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Accused Killer Denies He Shot Armored Car Guard : Crime: Execution slaying at Home Depot took place 25 days after Dean Darnell Slade's parole from prison.

March 02, 1994|THOM MROZEK | SPECIAL TO THE TIMES

VAN NUYS — Admitting that his testimony may turn out to be a mistake, a prison parolee accused of executing an armored car guard during a robbery in a San Fernando Home Depot store took the witness stand at his trial Tuesday and proclaimed his innocence.

Holding up graphic autopsy photos, defense attorney Bruce Hills conceded that guard Edwin Maldonado "was brutally murdered" on July 20, 1992.

"Would you agree with that?" Hill asked the accused killer, Dean Darnell Slade.

"Yes," Slade responded.

"Did you kill him?" Hill asked.

"No," Slade replied.

Slade, who faces the death penalty if convicted, devoted most of his testimony to outlining his alibi for a jury of seven men and five women in Van Nuys Superior Court.

Slade testified that he was visiting friends and running errands the afternoon that Maldonado was shot in the back of the head by a robber.

The guard had just picked up $82,000--about half in cash and half in checks--and was still inside the Home Depot at 12960 Foothill Blvd. when a gunman ran up behind him and fired. Witnesses said Maldonado had just started to turn around when he was hit. The gunman then put two more bullets into the guard's head as he lay on the ground.

Slade admitted he was previously convicted of manslaughter and had been paroled from state prison only 25 days before the Home Depot robbery.

When he first took the witness stand, Slade told the jury that Hill had in no way coached his answers, adding, "As far as I know, it's the wrong thing to take the stand, being the one accused."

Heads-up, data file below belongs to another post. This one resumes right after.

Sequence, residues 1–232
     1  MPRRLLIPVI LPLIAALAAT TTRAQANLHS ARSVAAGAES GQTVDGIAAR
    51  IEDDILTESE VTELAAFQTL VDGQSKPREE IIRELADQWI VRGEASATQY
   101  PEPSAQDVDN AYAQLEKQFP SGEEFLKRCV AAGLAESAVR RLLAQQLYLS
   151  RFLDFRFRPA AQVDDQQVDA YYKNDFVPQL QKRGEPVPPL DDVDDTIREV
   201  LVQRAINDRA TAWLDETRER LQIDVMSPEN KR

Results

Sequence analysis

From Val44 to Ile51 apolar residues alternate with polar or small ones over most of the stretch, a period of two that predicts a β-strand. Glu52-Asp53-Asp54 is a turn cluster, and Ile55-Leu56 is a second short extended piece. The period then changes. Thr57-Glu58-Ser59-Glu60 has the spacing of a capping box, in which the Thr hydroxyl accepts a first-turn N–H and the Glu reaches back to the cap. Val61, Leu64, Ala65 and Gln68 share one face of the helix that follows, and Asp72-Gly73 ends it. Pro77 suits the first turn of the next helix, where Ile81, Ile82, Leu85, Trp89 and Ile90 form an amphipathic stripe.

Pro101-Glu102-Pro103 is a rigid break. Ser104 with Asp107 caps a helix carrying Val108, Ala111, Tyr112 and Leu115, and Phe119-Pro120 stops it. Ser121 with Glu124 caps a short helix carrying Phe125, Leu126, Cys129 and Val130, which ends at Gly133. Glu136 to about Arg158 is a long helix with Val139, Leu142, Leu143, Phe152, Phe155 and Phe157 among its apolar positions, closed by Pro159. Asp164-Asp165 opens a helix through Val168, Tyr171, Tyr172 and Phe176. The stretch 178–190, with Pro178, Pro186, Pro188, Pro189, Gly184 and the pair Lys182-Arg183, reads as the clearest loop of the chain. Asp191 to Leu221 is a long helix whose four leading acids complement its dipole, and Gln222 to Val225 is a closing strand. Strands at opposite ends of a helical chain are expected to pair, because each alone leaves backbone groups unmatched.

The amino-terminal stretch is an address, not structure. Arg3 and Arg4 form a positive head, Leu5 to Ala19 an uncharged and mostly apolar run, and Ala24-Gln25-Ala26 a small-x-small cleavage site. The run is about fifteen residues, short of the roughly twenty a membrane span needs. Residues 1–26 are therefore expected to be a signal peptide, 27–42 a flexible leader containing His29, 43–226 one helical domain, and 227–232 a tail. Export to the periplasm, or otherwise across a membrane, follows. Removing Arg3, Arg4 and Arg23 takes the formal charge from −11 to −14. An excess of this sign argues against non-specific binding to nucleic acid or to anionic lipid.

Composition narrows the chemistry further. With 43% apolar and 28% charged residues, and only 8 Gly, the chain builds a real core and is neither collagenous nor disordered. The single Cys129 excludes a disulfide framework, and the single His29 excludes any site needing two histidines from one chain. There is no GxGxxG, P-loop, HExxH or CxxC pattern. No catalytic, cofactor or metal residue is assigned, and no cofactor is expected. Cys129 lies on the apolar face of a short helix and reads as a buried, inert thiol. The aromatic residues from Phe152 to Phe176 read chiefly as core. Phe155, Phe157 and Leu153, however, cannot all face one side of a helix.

When Hill asked him why he insisted on testifying, Slade paused for nearly a minute and wiped tears from his eyes. "I think basically when this all began, I didn't take it as serious as it was," he said in a wavering voice.

Slade denied telling a man, who testified as a prosecution witness, that he had set up a "lick" to get money so he could purchase a "dope sack."

While his story of what he did on July 20, 1992, was essentially the same as testimony he gave at a preliminary hearing less than one month after the killing, some details of Slade's testimony contradicted the versions given by other witnesses, including that of his mother and a close friend.

In addition, a Home Depot employee who was standing just feet away from Maldonado when he was shot emphatically testified earlier in the trial that Slade was the gunman.

Deputy Dist. Atty. Jeff Jonas, who will be cross-examining Slade this afternoon, said he would overlook the contradictions for now.

"If I was going to bother with every inconsistency, we'd be here for a week," the prosecutor said, adding that Slade would have to be Superman to do everything he claims to have done the day of the robbery.

Instead, Jonas said he would focus on Slade's state of mind after being released from prison.

Closing arguments in the case are scheduled for Monday.

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